I’m often asked what other sales teams do to enliven sales meetings. Most follow a tried and trusted pattern; figures, roasting/champagne, admin, touch of training, marketing/production/operations update, specialist speaker.
I visited a product-labelling business last week where it was one of the occasions I wondered how on earth the fella got there. He’d no ideas, no passion, no openness to new things. We tossed around the subject of sharing best-practice. He delighted in telling me they had a great process in place.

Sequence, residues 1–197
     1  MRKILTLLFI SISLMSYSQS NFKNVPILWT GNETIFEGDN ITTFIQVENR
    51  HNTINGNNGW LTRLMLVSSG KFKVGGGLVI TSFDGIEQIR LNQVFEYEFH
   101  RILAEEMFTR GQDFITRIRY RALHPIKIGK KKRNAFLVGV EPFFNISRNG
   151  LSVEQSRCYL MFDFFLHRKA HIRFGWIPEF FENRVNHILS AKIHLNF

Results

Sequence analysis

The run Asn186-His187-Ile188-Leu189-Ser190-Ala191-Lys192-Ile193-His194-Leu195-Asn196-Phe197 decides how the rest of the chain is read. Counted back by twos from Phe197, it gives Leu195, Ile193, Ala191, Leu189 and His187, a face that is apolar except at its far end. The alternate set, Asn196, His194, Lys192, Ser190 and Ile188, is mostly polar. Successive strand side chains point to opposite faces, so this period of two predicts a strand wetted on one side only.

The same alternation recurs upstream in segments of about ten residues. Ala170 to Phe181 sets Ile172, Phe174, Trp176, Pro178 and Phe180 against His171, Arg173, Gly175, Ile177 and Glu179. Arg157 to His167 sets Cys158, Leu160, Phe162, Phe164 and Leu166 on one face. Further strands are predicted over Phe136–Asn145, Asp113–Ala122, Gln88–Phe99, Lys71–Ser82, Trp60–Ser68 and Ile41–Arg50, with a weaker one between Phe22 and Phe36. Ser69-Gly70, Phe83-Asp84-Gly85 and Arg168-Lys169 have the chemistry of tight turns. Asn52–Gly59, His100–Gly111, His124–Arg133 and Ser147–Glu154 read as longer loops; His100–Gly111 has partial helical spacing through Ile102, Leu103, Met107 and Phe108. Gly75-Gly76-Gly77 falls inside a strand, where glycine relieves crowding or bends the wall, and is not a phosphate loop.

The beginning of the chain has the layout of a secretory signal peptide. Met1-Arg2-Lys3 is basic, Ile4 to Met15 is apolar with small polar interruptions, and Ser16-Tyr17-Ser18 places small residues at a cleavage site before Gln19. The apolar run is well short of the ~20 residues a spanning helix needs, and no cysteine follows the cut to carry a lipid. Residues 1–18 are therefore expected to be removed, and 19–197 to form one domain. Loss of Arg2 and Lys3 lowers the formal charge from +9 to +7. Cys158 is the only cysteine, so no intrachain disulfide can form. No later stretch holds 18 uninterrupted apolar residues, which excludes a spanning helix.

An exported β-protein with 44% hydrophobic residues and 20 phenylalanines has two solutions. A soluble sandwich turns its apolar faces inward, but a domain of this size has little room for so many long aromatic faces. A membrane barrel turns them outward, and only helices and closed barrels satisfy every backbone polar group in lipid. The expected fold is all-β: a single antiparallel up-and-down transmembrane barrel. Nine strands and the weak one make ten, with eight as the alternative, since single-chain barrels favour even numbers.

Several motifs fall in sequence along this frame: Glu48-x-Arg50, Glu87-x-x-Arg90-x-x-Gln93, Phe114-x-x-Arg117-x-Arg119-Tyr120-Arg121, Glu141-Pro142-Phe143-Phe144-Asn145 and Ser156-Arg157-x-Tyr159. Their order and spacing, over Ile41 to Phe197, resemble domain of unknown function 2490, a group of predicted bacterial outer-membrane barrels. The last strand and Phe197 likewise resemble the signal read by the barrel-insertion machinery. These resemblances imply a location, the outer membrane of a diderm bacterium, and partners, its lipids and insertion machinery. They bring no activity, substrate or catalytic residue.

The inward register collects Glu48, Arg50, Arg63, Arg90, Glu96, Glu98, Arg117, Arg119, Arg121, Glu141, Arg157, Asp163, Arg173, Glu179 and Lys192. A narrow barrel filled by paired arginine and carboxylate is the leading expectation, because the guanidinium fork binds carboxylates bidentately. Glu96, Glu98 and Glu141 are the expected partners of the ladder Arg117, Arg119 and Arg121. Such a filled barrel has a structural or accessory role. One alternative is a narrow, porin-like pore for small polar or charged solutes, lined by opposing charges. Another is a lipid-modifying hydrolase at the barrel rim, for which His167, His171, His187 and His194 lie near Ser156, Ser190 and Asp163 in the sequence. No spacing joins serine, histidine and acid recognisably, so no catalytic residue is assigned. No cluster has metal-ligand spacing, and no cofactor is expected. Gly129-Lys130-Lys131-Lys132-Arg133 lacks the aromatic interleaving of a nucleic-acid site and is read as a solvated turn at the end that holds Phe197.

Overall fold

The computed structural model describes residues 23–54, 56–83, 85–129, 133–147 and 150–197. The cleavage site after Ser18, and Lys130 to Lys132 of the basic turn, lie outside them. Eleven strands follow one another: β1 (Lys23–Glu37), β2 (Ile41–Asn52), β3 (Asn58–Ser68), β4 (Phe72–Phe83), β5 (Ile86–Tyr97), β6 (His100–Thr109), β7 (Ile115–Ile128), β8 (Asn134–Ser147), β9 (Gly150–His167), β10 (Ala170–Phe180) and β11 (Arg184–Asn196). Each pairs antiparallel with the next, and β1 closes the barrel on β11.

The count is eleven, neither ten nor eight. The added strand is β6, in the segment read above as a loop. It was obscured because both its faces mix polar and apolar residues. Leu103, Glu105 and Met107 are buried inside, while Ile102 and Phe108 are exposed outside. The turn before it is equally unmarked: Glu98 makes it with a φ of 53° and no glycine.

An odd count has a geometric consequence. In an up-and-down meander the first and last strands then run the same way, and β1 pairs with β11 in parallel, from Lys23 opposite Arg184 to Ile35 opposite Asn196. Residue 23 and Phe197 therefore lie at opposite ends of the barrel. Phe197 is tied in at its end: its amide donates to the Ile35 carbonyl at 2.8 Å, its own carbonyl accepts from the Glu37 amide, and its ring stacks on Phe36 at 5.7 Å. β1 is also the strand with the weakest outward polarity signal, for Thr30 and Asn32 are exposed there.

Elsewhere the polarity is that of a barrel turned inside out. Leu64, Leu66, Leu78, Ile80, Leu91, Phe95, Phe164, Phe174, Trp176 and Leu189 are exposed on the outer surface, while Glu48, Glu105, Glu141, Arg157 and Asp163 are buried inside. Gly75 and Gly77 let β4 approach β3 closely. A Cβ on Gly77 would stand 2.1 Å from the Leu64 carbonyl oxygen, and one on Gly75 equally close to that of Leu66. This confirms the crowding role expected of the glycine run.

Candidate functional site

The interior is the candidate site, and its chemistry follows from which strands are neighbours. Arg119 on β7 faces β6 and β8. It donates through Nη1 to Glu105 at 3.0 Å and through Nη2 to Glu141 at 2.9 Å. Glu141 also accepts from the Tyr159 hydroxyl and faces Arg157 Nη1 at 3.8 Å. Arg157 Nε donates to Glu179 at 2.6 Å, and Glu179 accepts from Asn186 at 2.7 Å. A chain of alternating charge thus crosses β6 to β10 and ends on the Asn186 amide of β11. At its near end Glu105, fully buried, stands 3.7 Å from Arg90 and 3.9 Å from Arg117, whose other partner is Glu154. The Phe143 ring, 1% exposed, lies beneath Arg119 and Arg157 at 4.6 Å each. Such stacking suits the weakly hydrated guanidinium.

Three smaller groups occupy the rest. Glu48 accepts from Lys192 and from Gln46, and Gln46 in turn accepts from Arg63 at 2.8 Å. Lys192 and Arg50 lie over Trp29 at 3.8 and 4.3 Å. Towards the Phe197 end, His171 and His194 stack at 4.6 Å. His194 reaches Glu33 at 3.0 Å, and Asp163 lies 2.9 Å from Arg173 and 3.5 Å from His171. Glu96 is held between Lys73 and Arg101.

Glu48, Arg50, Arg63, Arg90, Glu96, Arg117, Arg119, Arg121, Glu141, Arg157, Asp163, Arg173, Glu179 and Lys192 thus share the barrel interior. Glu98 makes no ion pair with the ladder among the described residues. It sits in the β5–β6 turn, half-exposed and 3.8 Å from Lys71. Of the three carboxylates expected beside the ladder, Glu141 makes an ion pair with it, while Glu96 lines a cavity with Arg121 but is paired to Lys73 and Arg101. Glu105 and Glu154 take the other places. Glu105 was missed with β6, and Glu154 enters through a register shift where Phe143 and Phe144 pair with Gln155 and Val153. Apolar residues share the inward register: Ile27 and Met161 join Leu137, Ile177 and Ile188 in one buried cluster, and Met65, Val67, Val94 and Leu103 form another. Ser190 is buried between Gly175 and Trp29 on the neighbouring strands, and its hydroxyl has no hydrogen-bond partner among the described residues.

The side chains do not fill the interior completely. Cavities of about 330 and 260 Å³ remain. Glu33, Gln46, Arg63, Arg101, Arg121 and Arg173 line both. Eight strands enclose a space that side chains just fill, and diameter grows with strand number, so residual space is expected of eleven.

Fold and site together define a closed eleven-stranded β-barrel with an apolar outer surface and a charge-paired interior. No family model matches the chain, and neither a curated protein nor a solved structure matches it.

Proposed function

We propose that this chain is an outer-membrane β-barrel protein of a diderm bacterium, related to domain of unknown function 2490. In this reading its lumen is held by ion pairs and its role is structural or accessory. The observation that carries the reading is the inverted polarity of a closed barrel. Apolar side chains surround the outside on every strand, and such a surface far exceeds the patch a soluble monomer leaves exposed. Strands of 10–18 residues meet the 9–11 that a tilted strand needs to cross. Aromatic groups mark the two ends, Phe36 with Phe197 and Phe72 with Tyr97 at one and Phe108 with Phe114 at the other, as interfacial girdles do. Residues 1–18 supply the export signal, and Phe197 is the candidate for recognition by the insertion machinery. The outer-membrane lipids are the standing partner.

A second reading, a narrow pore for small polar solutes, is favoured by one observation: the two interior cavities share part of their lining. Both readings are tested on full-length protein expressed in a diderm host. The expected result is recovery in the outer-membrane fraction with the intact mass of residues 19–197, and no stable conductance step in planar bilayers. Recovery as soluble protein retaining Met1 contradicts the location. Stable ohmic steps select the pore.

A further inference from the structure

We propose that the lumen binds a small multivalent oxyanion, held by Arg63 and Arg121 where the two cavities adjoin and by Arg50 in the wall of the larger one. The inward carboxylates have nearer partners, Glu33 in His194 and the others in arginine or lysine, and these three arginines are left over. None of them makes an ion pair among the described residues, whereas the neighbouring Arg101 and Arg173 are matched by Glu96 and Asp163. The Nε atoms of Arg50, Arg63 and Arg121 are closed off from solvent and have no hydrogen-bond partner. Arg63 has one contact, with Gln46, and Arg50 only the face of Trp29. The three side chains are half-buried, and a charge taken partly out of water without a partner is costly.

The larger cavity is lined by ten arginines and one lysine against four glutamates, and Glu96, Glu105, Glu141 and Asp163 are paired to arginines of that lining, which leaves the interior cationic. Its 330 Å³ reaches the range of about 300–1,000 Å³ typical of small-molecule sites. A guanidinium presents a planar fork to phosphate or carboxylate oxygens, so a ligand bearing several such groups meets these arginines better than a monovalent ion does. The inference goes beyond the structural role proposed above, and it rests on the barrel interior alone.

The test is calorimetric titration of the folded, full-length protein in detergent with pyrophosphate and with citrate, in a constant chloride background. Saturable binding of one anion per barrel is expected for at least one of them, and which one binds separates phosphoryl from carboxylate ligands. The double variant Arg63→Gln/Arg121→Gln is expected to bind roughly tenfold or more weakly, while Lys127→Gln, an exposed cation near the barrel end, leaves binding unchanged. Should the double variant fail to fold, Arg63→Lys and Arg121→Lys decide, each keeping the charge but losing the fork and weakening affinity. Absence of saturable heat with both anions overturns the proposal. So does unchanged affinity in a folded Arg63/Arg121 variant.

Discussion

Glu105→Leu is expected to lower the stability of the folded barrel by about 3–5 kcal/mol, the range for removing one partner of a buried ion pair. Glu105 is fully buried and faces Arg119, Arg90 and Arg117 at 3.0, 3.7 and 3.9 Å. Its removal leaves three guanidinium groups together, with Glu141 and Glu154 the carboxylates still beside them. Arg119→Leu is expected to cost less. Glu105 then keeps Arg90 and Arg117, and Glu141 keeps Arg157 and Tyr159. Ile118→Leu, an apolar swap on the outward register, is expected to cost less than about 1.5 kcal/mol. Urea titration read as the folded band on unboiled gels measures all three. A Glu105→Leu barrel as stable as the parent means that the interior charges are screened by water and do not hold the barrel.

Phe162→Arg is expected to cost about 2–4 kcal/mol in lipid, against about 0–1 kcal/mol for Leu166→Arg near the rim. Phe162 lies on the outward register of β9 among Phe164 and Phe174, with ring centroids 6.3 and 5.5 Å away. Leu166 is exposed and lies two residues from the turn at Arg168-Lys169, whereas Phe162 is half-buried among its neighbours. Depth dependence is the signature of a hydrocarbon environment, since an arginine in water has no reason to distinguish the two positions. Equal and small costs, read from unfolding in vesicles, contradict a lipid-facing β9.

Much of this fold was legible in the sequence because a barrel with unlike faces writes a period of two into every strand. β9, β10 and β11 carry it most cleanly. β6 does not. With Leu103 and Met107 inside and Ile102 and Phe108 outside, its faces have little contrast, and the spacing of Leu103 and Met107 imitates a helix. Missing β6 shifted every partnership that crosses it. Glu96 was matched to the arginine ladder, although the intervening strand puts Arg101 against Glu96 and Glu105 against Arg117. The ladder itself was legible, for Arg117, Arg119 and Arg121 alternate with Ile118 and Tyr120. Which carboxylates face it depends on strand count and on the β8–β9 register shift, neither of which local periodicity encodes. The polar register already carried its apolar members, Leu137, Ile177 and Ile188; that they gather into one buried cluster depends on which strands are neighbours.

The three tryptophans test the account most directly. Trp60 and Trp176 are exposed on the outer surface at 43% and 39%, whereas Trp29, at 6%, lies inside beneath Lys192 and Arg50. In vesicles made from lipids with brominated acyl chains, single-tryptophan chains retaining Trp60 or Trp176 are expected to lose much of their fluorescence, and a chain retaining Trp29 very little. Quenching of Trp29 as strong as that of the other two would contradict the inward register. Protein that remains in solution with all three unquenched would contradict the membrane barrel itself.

At sales meetings, everyone got “their ten minutes of fame”. Sales people got to tell the rest about any new tactics or market knowledge they’d used or become aware of. He reckoned it was super-successful. I naturally enquired how much better still things would be if you could do this, rather than simply ten minutes a month, every single day. And he clammed up. The point is, this approach has nothing to do with best-practice or key message share. It’s placed in totally the wrong context. It’s seen as purely a recognition tool delivered as entertainment. To be truly successful, such goals need to become part of the fabric of the team as an on-going frequently repeated procedure where results of intel shared are monitored, not a one-off talking-head backslap.